Using Soundbombs for Marketing
In this month’s issued of Wired Magazine, there was a profile of Soundbombs, an innovative new concept designed to merge audio with physical experiences to bring a new dimension to just about anything from billboards to art.
As unique as the concept is, the distribution strategy is even more so … with Felix Beck, creator of Soundbombs, noting that “one can apply for the purchase of a Soundbomb – only those who deserve a Soundbomb, get a Soundbomb!” This has created significant viral buzz about Soundbombs and generated more than 2,500 requests according to the Wired article.
I love this concept not only for the idea behind it, but also for the distribution strategy that is keeping some amount of control and prestige behind the use of Soundbombs and keeping the artistic integrity of the concept intact.
Contrary to what some might think, I don’t believe this means that there cannot be any marketing implications or uses for Soundbombs that fit into the philosophy behind the invention.
Rather, this purity of the idea – when associated with the right brands – could create an immensely powerful marketing tool that adds to a customer experience, connects with potential customers, and shows an added dimension to a product, service or experience that could otherwise have been lost. Here are just a few marketing situations I think could be ideal uses for a Soundbomb:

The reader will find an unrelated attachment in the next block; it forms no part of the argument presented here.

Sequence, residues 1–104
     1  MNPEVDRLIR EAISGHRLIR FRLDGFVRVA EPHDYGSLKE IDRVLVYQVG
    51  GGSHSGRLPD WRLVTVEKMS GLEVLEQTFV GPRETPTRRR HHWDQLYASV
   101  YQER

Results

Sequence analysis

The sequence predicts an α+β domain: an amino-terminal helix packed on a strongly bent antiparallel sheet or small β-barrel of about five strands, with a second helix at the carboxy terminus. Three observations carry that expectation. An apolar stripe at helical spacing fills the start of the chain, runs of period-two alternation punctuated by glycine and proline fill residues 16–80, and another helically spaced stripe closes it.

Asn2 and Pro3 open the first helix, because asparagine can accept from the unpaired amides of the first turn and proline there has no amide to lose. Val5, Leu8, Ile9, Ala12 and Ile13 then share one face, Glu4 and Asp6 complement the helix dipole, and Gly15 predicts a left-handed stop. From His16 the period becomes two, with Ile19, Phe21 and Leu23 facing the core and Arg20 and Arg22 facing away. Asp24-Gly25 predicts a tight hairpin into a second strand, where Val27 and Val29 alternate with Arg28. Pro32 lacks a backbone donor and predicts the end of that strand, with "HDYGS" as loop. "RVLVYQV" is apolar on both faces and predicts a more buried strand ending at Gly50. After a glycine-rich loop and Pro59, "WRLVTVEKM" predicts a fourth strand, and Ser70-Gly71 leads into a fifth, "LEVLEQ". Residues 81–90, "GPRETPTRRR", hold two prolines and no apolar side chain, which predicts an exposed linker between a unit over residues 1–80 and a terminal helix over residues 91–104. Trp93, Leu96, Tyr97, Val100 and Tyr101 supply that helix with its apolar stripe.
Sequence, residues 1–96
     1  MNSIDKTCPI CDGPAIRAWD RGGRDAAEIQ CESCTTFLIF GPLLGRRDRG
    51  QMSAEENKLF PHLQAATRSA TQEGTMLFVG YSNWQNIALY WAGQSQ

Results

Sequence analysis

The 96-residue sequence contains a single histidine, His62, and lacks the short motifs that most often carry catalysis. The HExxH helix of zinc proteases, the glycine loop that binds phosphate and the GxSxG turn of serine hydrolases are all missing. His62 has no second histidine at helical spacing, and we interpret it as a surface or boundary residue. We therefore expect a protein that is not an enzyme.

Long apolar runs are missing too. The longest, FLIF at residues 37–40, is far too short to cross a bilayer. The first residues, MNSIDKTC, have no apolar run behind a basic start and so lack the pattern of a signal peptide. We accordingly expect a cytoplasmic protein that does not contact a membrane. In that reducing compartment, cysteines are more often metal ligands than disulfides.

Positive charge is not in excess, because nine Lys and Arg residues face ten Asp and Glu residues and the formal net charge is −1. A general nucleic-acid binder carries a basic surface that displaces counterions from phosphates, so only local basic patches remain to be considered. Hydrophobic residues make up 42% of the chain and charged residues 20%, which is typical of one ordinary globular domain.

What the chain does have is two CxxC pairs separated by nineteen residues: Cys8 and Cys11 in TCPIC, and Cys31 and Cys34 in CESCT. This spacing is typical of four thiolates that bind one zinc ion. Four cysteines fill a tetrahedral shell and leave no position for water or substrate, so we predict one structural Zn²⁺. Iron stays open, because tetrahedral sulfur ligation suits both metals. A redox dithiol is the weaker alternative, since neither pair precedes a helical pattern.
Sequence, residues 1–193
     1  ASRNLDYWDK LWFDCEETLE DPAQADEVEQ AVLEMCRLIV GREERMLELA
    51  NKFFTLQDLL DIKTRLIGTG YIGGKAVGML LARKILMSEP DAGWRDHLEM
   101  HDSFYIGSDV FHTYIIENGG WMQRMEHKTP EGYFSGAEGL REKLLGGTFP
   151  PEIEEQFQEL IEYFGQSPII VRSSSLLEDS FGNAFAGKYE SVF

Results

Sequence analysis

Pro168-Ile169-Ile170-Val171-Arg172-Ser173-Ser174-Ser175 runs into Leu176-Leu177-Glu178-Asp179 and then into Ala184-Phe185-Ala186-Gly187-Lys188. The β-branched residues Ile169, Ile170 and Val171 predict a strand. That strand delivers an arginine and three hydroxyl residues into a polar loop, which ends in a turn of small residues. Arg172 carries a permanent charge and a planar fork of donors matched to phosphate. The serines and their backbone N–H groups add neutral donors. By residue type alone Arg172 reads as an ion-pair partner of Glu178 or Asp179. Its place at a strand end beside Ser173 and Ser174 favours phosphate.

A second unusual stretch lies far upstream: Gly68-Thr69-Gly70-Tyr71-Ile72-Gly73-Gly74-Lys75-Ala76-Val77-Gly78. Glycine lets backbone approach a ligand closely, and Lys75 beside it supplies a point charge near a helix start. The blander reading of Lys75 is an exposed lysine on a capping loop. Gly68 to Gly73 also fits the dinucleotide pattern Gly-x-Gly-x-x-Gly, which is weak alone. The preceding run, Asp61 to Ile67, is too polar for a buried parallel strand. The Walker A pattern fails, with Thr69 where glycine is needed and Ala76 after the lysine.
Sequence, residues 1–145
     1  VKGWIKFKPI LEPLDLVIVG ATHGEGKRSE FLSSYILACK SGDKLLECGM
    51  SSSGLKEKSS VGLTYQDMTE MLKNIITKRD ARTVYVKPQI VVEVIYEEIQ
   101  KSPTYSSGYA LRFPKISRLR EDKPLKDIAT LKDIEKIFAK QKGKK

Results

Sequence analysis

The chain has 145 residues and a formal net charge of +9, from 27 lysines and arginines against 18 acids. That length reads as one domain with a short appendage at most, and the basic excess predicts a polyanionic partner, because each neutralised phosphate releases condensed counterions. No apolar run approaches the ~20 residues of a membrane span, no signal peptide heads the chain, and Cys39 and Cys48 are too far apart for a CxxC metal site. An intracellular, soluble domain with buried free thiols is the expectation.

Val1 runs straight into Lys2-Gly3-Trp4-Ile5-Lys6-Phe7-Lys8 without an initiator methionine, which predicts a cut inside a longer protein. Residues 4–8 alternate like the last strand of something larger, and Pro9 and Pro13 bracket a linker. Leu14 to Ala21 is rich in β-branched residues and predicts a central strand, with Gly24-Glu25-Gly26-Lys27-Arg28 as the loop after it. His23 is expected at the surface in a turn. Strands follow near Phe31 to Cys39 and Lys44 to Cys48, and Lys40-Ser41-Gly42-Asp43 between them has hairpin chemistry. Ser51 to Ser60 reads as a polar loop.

1. Street Donations for Charities – Imagine if you could amplify the message of volunteers soliciting money for charities by adding a Soundbomb close by offering more information about the cause before passersby are solicited. It would certainly be an interesting social experiment to see if someone on the street is more likely to support Saving Tibet after hearing an emotive plea from the Dalai Lama …
2. Auditory Tourism – As tourists are walking by historical points of interest, adding Soundbombs could enhance the experience by allowing them to listen to sounds from the past that could be associated with a place. Consider it a vastly more mobile version of the audio phone tour so popular in today’s museums.
3. Virtual Instructions – For interactive kiosks, display stands, and coin-operated machines – sometimes the method of use is not immediately apparent. In these situations, have a voice to proactively answer a common question or simply provide a welcome and offer guidance on the first step could be a welcome addition. At the very least, you could use a Soundbomb to answer the common question of how to make an ATM (which already has braille instructions) easier to find for the visually impaired …
Have any other great marketing applications for Soundbombs that fit with the philosophy of the project?
Add a comment to this post and send an email to Felix to see if he agrees.
Rohit Bhargava is the Vice President for Interactive Marketing with Ogilvy Public Relations Worldwide.